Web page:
Moving onto the model, at this stage I think I'll be replicating Little Beast II, a hard-serving F-51D assigned to the 12th Fighter Bomber Squadron in mid-1952.  Not 100% sure on this, got plenty of time to figure this out.  Here she is taxing out for yet another combat mission.  She's armed with a standard load of 2 500 lb bombs and 6 HVARS (the other standard loadout consisted of two napalm tanks and 6 HVARs) and appears to have her tailwheel locked down.



For this kit, I'll be using the Tamiya Pacific Version P-51D kit, along with AIMS Korean War Mustang decals (sadly, I believe these are the only decals of Korean War markings out there, another indication that Korea is still the "forgotten war") and a bunch of Barracuda resin upgrades.  I'll provide details on all the AM bits later.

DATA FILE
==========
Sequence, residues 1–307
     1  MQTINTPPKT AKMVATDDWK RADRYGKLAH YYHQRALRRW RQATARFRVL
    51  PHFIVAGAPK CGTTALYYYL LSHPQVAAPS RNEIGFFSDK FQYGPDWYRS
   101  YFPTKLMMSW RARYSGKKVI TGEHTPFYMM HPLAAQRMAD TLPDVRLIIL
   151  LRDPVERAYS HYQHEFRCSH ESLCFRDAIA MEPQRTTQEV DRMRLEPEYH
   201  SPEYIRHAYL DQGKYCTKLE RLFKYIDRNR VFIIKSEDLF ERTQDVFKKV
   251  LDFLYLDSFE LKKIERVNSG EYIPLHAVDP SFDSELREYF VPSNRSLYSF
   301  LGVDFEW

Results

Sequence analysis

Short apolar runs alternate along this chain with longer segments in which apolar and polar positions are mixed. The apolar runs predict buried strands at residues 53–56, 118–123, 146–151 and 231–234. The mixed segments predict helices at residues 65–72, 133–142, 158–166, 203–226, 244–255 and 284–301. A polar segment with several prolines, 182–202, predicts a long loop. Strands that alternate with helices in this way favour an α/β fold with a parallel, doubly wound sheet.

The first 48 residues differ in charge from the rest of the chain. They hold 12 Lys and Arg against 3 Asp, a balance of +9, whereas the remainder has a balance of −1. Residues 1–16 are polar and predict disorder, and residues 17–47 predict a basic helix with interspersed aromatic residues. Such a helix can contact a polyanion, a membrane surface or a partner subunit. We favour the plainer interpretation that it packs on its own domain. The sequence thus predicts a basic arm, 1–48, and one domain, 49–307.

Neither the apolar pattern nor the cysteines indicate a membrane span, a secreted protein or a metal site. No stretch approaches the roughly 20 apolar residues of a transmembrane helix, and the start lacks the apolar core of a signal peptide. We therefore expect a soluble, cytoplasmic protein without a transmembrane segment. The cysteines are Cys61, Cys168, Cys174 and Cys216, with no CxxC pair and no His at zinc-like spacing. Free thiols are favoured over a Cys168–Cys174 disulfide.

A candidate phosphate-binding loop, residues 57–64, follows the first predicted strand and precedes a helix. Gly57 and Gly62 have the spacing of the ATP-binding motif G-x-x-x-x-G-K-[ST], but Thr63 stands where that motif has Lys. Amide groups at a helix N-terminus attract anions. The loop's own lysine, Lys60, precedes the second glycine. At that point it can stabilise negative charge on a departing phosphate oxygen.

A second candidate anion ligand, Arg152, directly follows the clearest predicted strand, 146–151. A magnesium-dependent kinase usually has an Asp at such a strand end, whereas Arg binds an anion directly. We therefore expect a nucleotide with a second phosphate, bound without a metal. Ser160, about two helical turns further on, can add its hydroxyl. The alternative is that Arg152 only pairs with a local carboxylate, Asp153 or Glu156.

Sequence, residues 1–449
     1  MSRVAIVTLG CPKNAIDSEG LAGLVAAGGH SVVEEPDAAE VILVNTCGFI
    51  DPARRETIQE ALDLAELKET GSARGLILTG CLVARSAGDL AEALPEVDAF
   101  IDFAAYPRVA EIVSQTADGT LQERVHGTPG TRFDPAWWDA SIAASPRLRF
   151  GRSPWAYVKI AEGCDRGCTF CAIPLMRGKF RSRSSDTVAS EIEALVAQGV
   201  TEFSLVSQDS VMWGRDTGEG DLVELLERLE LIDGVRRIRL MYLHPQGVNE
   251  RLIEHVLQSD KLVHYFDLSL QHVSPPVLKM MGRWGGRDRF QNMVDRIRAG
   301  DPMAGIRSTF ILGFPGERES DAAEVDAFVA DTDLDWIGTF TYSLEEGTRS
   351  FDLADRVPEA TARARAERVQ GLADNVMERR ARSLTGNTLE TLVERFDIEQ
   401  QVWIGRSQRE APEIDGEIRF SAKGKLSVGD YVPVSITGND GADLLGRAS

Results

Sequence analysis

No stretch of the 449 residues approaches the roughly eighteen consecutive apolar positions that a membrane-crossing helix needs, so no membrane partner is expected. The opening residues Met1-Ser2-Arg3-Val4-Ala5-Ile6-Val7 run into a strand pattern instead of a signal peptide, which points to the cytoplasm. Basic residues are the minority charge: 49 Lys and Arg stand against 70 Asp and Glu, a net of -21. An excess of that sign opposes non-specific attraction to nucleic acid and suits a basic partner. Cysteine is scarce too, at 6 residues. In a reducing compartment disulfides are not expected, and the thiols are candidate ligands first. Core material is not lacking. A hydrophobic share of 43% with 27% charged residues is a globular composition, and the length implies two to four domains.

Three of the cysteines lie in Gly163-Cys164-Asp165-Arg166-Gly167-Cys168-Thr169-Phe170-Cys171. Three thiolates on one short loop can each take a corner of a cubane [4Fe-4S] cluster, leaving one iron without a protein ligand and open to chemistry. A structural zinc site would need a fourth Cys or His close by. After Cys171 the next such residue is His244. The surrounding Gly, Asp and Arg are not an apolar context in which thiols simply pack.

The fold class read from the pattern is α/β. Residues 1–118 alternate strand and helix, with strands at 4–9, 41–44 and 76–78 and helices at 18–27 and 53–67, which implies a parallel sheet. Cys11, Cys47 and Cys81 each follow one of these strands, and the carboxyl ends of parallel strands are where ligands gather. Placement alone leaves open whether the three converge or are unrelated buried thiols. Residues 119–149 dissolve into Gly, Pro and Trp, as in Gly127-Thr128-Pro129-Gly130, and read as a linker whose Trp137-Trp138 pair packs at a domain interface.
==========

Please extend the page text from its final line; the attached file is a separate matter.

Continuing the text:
My biggest concern is going to be the NMF finish on these aircraft.   I've always struggled with this and in the case of these Korean War birds, it's going to be compounded by trying to replicate the extreme weathering they were subjected to.  Here is a great example:




Note the high degree of filth and also note how dull and weathered the metal finish is.  Looks more like dull, grimy grey instead of the shiny, immaculate finish seen on most WW2 Mustangs.  The pic above also does a nice job of showing those cooling louvers retrofitted behind the wing root and the additional radio gear behind the pilots seat.   If anyone has tips for replicating this type of finish, please let me know!!


Anyway, that's pretty much it for now.   One last note - this is going to be a looong build.   I'm inherently lazy and my modeling time is always limited.  I'll post updates when I can.